JOHANNESBURG - Business leaders have been ratcheting up the pressure on South African President Cyril Ramaphosa to announce decisive measures to turn around the economy and fix struggling state-owned enterprises.
Ramaphosa has the opportunity to do just that when he delivers his state-of-the-nation speech in parliament on Thursday. The address, which begins at 7 p.m. in Cape Town, has been billed by South Africa’s Business Day as the most important since Nelson Mandela’s in 1994 -- the first after apartheid ended.
The chief executive officers of some of South Africa’s biggest companies want Ramaphosa to announce steps to help a nation stuck in its longest downward business cycle since World War II, with 29% of the population unemployed, and soaring violent crime leaving more than 50 people murdered every day.
Here’s what’s on CEOs’ wish list:
Vodacom Group CEO Shameel Joosub - The government needs to define its priorities and what role the public sector is going to take, and then outline clearly where it wants companies to step in and direct their attention. Plans to release additional broadband spectrum must be speedily implemented. Investment is needed in power, fiber networks and other infrastructure that will underpin growth and encourage the development of new industries.
Business Unity Acting CEO Cas Coovadia - Urgent pronouncements on far-reaching economic structural reforms, with the key aim of unleashing economic growth and attracting investments. A clear statement that public expenditure will be tempered in the budget to be presented on 26 Feb.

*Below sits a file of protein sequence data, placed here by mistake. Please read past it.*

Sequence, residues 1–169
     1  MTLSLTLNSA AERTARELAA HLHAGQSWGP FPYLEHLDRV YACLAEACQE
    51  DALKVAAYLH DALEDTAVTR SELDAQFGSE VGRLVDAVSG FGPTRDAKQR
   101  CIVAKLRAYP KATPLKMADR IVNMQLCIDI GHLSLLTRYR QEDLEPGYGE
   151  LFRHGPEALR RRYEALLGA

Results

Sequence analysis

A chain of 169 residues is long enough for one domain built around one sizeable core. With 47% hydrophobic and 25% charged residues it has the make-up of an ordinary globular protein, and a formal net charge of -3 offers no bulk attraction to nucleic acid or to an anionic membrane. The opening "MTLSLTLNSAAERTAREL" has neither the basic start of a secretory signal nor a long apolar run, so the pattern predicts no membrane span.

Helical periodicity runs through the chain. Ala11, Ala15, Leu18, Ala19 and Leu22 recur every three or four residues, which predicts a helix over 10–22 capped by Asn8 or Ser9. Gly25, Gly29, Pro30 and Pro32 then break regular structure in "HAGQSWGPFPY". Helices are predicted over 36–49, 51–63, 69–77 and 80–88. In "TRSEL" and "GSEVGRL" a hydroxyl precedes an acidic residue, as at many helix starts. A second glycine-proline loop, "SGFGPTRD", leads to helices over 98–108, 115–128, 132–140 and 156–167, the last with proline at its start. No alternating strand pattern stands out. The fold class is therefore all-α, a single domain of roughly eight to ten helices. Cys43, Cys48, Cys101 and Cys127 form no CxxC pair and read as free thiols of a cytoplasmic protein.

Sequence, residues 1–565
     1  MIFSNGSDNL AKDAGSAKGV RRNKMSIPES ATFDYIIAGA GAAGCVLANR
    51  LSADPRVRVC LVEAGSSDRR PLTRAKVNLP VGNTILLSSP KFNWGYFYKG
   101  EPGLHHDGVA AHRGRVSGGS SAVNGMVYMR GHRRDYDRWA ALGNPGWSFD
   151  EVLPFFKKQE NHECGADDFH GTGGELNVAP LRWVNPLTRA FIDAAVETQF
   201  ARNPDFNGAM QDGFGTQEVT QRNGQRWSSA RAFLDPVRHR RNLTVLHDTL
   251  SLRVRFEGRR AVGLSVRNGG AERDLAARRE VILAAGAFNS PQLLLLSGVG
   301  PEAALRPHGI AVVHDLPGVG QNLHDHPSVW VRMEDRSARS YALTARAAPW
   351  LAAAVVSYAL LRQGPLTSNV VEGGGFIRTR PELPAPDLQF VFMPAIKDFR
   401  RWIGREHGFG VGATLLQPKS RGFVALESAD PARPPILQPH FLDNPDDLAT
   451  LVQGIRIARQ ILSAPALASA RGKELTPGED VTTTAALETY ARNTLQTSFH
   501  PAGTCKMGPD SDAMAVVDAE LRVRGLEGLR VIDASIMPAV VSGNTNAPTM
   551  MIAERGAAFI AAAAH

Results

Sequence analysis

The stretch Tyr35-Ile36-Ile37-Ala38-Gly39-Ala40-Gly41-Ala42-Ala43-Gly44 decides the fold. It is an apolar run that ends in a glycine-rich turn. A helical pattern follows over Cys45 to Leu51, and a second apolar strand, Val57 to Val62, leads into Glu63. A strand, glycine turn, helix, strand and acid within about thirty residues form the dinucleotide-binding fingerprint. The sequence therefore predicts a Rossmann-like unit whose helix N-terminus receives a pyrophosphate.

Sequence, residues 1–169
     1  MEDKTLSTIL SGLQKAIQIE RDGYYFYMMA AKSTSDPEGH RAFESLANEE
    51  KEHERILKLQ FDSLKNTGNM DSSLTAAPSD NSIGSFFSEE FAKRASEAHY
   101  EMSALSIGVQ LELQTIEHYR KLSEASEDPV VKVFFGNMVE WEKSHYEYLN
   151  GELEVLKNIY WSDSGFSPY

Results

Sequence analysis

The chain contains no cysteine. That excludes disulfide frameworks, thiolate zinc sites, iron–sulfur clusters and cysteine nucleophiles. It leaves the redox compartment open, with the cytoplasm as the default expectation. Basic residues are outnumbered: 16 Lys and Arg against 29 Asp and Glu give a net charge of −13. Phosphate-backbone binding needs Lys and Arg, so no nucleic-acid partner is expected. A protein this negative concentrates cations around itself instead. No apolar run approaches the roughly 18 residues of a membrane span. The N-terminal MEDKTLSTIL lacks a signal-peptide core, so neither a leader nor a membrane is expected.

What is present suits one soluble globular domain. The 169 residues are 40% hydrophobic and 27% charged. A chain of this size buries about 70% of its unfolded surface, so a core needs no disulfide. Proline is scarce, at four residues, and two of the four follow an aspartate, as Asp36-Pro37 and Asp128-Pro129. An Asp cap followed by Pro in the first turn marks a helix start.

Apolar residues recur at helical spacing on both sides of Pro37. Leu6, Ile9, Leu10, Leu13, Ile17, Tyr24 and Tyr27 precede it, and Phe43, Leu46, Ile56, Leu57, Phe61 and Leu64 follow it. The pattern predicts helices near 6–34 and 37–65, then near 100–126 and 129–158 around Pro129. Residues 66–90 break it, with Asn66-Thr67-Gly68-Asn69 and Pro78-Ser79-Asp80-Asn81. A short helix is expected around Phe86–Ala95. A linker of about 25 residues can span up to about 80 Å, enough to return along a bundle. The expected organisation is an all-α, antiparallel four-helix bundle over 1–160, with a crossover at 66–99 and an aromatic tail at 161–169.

A clear position on a strategy to address the crisis facing state-owned companies. This must include decisions on which SOE’s are of strategic importance, poor governance and management and a lack of qualified people, and the role of the private sector.
Sibanye Gold CEO Neal Froneman - Economic growth must be prioritized and steps need to be taken to rebuild business and investor confidence. Bailouts for inefficient and mismanaged state companies must end. The mining industry needs regulatory certainty and a more investor-friendly environment.
Investec Bank South Africa CEO Richard Wainwright - The government has little room to provide fiscal stimulus, and will possibly have to adopt an austerity budget.
Economy is reliant on private-sector activity picking up. Structural reform and policy certainty are prerequisites for bolstering business confidence.
Rand Merchant Bank CEO James Formby - Concrete structural reforms are needed, such as speeding up visa access for tourists and workers with scarce skills.
The government must improve the management of its finances and show greater commitment to constraining the burgeoning fiscal deficit and bringing state debt under control.
The embattled state power utility has to be turned around and made financially sustainable, but the authorities should refrain from announcing solutions that don’t have broad-based support.